A paternal party

Mary MacKay
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P.E.I. Genealogical Society member Richard Savidant, left, and president Fred Horne are in the early stages of a project that will document the descendants of six P.E.I. Fathers of Confederation and invite those still living to a special reunion in September 2014, which is the 150th anniversary of the 1864 Charlottetown Conference.

Some special 150th anniversary activities are being planned for the descendants of the Prince Edward Island Fathers of Confederation who met for the Charlottetown Conference in 1864.

The P.E.I. Genealogical Society (PEIGS) is hoping to host a variety of custom-made activities over a three-day period in September 2014 that would include celebrations and tours of the places where the fathers would have lived, their burial spaces and more.

“We have no idea (of the numbers); it could be 30, it could be 300 that would actually attend,” says PEIGS member Richard Savidant of Summerside.

“As for the number of actual living descendants, there could be thousands,” adds Fred Horne, who is president of the PEIGS and archivist at MacNaught History Centre and Archives in Summerside, which is in support of this reunion project, as is the P.E.I. Museum and Heritage Foundation.

The PEIGS will be applying for a grant to fund research into the genealogy of six P.E.I. fathers: George Coles; John Hamilton Gray; Andrew Archibald MacDonald; Thomas Heath Havilland; Edward Palmer and William Henry Pope.

A seventh P.E.I. father, Edward Whalen, had no known surviving offspring.

The society has already done some basic work in tracing the descendants of one Father of Confederation to the present day.

Some of them are located as far away as Greece and Australia.

“There are at least two (descendants) that I know of that are still on the Island,” Savidant says.

“(Most) moved on; even some of the fathers moved to other areas but were buried back on P.E.I.”

The PEIGS is putting out the word to people who may have already done a lot of legwork in tracing their family trees and already know that they are descendants of a particular father.

“The Coles are in good shape. They’ve done a lot of research and documentation,” Horne says.

“But (for the other ones) we don’t know how much research has been done on those. But it’s an ambitious project in a way that if you’re delving into a family that nobody knows a whole lot about or hasn’t been documented that well it could be a lot of work. So we will take each of the lines as far as we can.”

Once the direct descendants who are still living have been identified, they will be invited to P.E.I. for the 2014 event, which is slated for some time in September.

Another big anniversary on the horizon is the 150th anniversary of the Confederation of Canada in 1867.

“So there is another more ambitious project beyond what we’re proposing here for 2014. We’re proposing to get the genealogies together and to get the descendants together and then perhaps by 2017 we would have some sort of publication based on the family trees of the Island Fathers (of Confederation),” Horne says.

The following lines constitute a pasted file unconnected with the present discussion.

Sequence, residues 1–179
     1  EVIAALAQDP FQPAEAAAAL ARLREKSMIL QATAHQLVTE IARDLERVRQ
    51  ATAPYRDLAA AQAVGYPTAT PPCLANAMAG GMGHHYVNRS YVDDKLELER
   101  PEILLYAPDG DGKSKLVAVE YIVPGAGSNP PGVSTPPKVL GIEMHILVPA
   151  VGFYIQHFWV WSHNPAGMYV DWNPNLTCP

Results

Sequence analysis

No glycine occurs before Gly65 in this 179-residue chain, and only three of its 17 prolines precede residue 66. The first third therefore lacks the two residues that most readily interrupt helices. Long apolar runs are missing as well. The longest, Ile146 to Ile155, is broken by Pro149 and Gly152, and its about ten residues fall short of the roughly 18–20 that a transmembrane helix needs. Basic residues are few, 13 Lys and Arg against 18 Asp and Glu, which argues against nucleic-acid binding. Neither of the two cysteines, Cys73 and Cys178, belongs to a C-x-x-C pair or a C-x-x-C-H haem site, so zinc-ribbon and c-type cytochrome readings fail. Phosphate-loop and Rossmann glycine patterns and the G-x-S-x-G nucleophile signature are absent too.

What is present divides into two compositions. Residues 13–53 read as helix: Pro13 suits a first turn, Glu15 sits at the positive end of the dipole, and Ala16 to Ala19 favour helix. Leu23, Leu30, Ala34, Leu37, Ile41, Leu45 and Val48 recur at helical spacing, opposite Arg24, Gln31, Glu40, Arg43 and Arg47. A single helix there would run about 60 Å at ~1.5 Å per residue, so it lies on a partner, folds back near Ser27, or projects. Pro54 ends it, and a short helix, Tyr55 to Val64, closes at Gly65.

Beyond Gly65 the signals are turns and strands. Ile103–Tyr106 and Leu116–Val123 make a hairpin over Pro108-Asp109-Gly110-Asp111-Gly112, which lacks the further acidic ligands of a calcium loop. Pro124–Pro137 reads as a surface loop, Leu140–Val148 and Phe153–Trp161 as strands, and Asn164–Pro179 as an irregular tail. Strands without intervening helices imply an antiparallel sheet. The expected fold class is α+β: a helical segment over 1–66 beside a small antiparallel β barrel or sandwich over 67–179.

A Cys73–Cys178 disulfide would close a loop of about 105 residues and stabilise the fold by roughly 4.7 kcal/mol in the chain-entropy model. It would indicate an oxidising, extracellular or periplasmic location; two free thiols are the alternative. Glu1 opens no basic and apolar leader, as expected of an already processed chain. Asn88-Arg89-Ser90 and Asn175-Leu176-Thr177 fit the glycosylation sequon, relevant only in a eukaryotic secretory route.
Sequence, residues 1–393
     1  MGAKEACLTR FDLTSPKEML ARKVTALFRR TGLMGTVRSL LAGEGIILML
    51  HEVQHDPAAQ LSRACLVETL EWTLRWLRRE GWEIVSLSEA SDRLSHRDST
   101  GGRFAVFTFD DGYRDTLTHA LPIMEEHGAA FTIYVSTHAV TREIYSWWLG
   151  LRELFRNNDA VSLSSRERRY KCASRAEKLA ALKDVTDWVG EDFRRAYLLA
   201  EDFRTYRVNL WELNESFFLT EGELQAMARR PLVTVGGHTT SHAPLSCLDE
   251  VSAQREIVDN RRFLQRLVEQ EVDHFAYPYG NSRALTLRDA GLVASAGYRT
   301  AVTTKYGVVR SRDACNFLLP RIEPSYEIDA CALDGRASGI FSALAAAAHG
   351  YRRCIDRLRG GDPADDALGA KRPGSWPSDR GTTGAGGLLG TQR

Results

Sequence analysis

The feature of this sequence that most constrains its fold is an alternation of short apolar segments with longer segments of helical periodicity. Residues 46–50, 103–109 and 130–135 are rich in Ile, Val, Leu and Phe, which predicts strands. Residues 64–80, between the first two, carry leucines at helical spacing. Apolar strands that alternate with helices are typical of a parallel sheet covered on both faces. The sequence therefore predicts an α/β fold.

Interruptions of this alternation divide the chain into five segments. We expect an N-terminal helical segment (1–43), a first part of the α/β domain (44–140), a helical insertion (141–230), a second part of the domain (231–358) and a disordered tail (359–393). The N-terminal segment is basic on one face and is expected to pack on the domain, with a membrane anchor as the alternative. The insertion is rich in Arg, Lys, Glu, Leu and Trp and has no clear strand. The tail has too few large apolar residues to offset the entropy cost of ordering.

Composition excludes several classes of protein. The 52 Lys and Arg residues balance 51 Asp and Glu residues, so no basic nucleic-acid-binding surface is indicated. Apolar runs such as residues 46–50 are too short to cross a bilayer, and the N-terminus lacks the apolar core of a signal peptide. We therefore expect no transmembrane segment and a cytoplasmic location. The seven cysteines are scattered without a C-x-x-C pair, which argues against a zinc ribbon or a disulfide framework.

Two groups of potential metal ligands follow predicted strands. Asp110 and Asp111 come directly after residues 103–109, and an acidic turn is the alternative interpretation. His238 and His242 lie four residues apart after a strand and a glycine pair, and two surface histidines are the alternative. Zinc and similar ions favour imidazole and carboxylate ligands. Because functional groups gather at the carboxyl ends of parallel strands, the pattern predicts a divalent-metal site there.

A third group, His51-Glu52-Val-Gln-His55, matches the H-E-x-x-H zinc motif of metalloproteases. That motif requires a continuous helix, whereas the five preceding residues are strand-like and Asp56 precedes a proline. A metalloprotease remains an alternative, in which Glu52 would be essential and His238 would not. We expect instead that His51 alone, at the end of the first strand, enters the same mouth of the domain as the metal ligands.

“And we’re going to promote the idea with other genealogical societies across the country to look at all their fathers (from across the country who attended Confederation meetings) . . . .”

This project will document the lineage of the P.E.I. Fathers of Confederation for the future.

“We want to be able to document it and make sure that it’s properly done. And so when the 200th or 250th anniversary rolls around they will only have four or five generations to fill in,” Horne says. “And so for the past 150 years we’re filling in about seven generations (of information on their family trees). It’s really ambitious. In some ways it’s almost like organizing six family reunions.”



Fast facts

What: Special activities for the descendants of the P.E.I. Fathers of Confederation.

Where: Various places on P.E.I.

When: September 2014 in honour of the 150th anniversary of the Charlottetown Conference of 1864.

Who: People who have done genealogical work on George Coles, John Hamilton Gray, Andrew Archibald MacDonald, Thomas Heath Havilland, Edward Palmer and William Henry Pope are encouraged to contact peigs_queries@yahoo.ca.

Organizations: PEIGS, P.E.I. Genealogical Society, MacNaught History Centre PEI Museum

Geographic location: Charlottetown, P.E.I., Summerside Greece Australia Canada

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Recent comments

  • Sensible Shoes
    January 24, 2013 - 21:45

    What a self-serving thing! Shame of them for seeking grant money for a select few descendents of a handful of politicians. How will this actually help people celebrate if they don't bear the right name? Personally, I hope they don't get the grant, then we will see how much celebrating they will do.

  • Bill Kays
    Bill Kays
    January 24, 2013 - 16:32

    I cannot understand why anyone except the government would want to celebrate this 150 year thing. We created Canada so that we could get out from under the monarchy but here we are today, still being directed on what to do by the new monarchy, only now they call the king a "prime minister". No matter what they call the leader we are no better off (although many have been fooled into thinking we are better off) than we were before Confederation. We owe more than we make. We spend more than we earn. Government is not answerable to the people. We are all in bondage to the banks or worse. We cannot take care of ourselves if we had to. We no longer know how to hunt, farm, fish, build, etc., etc. as we now pay someone else to do that for us. We are dependent on the central government for more and more things each day. I am leaving my kids and grand kids with a huge debt because of our governments failed economic policies since Confederation. So again I ask you, what is there to celebrate?